Local Festivals and Arts Events Define Cool This Fall

The Kansas City metropolitan area is full of art. That’s a pretty cut-and-dry statement, but what about the where and when? Sure, the Plaza Art Fair runs Sept. 20-22 and the Unplaza Art Fair is Sept. 21-22. The Westport Art Fair, designed exclusively for Kansas City artists, is Sept. 6-8. Here are a few dates and events that might be worth checking out.

Brush Creek Art Walk

The Brush Creek Art Walk’s goal is simple, “to help unify the artists and the people.” Unlike the Plaza Art Fair and Westport, this is a chance to see the artists, whether performing or visual artists, creating their art from start to finish,” says painter and co-program chair Greg Summers. “The city wanted a way to get people to find out more about the new Brush Creek Streamway that they had been working on since the flood during the early 1990s. Splitting the four miles into four different zones that the artists painted in helps in our own little way to get people east beyond the Country Club Plaza. And for those who can’t get there along the streams to see the artists paint, you can always learn about the area through the eyes of those artists when the work goes to the Bruce R Watkins Cultural Center for exhibition and sale.” The other co-chair is Anne Garney.

The art walk is Sept. 13-15. Plein-Air painters will have three days to complete paintings on-site along the creek. Music is planned for Sept. 15 at Theis Park amphitheater. Some of the line-up includes Barclay Martin & Rick Willoughby, Marking Music, Az One, She’s a Keeper and Expassionates.

Artists will enter their finished paintings for a chance to show in the gallery at Bruce R. Watkins on Oct. 3. The art opening is from 5-8 p.m. The exhibition is juried and the art will be for sale.  The paintings will remain on display for three weeks until Oct. 24. The gallery, located at 3700 Blue Parkway, is open to the public: Tuesday – Saturday 10 a.m.-6 p.m.

Photographer Robert Hoops

RAW: Kansas City presents TRANSLATIONS

On Sept. 26 at the VooDoo Lounge at Harrah’s Casino, artists who work in fashion, music, film, performance, photography and hair & makeup gather together for a RAW event. RAW: natural born artists is an independent arts organization, for artists, by artists. The mission is to provide independent artists within the first 10 years of their career with tools, resources and exposure needed to inspire and cultivate creativity. As of the end of July, artists committed to the event include fashion designers, hairstylists and visual artists.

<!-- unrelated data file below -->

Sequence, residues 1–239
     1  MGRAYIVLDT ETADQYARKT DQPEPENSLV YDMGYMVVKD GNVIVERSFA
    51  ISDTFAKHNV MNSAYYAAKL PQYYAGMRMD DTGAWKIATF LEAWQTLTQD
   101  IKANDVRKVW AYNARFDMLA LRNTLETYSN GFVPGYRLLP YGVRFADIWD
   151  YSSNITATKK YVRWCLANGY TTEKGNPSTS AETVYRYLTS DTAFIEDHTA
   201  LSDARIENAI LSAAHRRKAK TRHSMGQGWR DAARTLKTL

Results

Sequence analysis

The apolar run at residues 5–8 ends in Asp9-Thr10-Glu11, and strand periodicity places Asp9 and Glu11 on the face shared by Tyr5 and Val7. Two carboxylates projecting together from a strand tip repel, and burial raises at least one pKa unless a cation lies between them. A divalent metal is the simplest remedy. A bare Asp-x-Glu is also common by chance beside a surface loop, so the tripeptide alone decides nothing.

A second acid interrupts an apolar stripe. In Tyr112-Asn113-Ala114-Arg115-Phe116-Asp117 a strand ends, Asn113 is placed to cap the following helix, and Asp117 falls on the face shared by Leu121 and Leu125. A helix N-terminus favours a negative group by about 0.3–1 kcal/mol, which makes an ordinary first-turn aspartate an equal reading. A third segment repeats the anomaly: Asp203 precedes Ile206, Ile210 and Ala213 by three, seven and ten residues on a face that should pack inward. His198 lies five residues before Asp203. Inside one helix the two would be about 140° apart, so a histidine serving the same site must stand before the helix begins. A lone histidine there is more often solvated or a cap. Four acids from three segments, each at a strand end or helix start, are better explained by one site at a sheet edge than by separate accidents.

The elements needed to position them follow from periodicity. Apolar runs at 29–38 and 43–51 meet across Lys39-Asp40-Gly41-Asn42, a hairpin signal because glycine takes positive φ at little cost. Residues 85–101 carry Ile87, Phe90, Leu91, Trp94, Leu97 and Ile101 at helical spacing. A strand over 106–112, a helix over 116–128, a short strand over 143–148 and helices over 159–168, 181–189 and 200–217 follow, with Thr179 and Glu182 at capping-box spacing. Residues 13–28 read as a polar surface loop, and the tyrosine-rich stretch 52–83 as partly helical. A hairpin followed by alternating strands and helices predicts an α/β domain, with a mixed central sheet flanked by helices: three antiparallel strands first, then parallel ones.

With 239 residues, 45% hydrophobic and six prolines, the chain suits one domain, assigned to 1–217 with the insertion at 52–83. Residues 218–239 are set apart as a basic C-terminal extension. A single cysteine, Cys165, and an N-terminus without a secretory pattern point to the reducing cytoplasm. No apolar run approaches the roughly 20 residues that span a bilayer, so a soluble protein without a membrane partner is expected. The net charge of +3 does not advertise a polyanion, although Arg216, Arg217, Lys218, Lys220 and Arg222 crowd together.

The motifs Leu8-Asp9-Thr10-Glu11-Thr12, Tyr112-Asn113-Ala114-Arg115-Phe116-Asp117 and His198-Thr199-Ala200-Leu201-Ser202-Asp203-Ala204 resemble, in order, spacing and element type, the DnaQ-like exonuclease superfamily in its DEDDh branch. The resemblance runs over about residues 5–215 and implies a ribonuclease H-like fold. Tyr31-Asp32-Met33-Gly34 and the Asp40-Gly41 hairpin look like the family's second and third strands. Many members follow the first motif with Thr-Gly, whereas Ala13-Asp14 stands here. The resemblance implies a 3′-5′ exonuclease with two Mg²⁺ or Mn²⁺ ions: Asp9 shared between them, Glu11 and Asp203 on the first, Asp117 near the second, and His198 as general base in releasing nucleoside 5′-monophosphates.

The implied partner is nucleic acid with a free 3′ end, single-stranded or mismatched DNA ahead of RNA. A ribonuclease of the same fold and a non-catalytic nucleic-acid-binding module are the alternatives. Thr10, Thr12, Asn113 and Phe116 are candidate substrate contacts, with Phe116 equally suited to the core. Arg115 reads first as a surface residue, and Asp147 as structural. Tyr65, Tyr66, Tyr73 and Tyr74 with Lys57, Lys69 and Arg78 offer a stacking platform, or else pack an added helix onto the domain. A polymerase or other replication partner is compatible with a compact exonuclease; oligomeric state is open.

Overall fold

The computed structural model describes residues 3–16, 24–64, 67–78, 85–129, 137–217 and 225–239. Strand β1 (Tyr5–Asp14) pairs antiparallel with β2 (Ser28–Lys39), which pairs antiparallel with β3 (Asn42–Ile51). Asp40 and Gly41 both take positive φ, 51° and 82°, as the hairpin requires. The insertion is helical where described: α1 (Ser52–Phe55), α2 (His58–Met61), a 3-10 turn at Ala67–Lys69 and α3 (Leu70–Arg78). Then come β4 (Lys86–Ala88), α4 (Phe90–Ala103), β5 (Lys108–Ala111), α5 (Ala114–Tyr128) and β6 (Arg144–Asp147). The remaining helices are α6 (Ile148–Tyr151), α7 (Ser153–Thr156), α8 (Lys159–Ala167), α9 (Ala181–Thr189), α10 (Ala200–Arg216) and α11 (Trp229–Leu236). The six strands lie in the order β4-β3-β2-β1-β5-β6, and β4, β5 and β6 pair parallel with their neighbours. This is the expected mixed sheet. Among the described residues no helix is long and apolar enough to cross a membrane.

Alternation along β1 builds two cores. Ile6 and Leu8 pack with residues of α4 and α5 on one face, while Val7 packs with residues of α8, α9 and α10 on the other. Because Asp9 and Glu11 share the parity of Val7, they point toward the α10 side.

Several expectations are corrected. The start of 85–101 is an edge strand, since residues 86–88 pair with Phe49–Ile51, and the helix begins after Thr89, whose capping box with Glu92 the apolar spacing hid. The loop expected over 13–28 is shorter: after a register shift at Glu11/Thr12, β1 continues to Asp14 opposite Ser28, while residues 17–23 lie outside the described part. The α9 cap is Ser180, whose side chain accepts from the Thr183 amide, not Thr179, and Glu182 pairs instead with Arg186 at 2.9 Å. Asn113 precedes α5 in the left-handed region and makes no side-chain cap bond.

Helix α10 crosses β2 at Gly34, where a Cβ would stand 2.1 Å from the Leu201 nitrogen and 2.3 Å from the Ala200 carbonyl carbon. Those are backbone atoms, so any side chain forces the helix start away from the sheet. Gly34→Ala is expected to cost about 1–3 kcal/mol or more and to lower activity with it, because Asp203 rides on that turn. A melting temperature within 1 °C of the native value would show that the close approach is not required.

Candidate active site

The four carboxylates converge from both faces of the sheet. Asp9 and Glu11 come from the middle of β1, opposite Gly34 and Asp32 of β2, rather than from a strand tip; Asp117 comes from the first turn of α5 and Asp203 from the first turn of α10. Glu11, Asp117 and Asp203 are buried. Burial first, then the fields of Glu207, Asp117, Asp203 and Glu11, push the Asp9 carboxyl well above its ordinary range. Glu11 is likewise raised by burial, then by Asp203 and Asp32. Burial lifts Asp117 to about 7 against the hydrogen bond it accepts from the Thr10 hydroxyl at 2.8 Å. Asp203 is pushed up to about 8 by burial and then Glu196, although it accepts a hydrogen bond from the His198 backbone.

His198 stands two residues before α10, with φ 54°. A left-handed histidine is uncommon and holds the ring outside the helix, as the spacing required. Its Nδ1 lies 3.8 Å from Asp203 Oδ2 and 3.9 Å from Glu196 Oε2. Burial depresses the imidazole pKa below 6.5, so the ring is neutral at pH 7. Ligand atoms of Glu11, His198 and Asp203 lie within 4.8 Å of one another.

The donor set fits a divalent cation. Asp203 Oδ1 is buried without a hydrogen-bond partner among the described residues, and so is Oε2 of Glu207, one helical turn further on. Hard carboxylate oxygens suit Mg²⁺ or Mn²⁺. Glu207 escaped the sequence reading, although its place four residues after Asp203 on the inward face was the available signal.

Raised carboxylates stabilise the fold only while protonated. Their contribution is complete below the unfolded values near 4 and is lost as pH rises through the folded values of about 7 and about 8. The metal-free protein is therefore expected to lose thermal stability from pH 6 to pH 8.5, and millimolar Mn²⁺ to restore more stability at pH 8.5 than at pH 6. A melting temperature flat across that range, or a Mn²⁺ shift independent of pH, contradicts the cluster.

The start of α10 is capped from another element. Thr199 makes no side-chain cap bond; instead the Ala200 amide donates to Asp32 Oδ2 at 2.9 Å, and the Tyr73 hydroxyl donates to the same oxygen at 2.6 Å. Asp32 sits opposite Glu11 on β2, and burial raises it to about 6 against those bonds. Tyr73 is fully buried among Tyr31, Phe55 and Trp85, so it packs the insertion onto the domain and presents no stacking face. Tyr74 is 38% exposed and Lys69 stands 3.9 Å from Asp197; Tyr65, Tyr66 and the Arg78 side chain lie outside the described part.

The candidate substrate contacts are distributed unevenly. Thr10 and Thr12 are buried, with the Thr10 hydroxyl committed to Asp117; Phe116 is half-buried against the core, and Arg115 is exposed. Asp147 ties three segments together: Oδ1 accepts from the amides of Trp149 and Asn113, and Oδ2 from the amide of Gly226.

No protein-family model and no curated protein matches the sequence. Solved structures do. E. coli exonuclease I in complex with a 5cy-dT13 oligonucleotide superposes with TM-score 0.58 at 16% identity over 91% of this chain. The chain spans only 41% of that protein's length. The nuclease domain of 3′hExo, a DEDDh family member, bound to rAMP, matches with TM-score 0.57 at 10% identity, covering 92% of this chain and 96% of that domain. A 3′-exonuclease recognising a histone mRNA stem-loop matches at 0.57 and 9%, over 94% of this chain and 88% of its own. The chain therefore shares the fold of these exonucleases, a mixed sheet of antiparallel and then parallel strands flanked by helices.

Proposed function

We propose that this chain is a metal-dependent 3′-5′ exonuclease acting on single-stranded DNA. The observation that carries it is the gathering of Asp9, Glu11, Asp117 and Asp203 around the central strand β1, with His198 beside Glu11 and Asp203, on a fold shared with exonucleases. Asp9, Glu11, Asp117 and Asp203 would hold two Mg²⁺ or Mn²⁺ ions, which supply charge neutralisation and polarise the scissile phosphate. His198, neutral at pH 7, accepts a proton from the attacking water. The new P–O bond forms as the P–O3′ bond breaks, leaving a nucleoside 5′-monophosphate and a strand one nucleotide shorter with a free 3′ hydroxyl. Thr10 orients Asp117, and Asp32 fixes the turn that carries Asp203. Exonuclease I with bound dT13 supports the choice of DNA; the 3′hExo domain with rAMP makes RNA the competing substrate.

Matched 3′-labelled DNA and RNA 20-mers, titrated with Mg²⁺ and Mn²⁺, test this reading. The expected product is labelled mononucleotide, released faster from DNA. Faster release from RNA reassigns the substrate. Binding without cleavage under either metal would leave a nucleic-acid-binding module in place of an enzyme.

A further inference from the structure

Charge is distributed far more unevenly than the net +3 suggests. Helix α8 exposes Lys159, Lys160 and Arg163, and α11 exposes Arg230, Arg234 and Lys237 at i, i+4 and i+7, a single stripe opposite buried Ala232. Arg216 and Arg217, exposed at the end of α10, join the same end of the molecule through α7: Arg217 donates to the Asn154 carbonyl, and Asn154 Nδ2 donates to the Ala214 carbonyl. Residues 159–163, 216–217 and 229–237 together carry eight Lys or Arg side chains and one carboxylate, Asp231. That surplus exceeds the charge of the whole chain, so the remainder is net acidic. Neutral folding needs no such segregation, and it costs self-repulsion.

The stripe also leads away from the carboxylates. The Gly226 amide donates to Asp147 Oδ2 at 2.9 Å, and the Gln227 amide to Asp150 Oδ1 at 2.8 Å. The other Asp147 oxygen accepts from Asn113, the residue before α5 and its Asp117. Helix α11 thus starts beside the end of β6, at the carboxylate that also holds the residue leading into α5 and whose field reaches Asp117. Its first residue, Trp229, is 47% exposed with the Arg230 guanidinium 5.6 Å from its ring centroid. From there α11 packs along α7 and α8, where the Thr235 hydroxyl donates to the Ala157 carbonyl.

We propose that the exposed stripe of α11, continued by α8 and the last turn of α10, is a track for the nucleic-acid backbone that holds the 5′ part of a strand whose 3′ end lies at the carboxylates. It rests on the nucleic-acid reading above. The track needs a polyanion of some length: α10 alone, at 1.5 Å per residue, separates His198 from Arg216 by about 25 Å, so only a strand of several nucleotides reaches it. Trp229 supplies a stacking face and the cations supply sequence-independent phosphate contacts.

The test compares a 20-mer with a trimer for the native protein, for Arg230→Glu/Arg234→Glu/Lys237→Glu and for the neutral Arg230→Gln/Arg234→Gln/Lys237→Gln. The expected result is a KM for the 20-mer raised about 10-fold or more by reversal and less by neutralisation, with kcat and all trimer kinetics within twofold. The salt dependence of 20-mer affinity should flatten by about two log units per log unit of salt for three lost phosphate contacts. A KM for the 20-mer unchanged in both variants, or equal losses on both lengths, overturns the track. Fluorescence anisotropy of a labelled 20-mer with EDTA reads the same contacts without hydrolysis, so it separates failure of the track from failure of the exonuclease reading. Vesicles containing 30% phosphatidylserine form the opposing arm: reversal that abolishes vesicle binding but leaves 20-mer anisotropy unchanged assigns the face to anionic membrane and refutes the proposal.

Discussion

RAW currently operates in nearly 60 cities across the United States, Australia, Canada and London, England. Brie Henderson, a local actress and model, is currently serving as emcee for the year’s productions. “It’s important to support RAW as a community because it is a unique opportunity for a select few artists to showcase and sell their work to a wide variety of people who may not have seen it otherwise. The shows themselves are hybrids, part art show, part concert, and part party, to be honest. The public gets a chance to experience local art and talk with the people who created it, which I also think is a very special thing. I hope that Kansas City’s RAW community continues to expand and reach as many artists and art lovers as possible,” Henderson says.

Photographer Robert Hoops, who has participated in past RAW events, explains the benefits. “I’ve met models, designers, other visual artists and more and we stay connected to help each other out with our own various projects.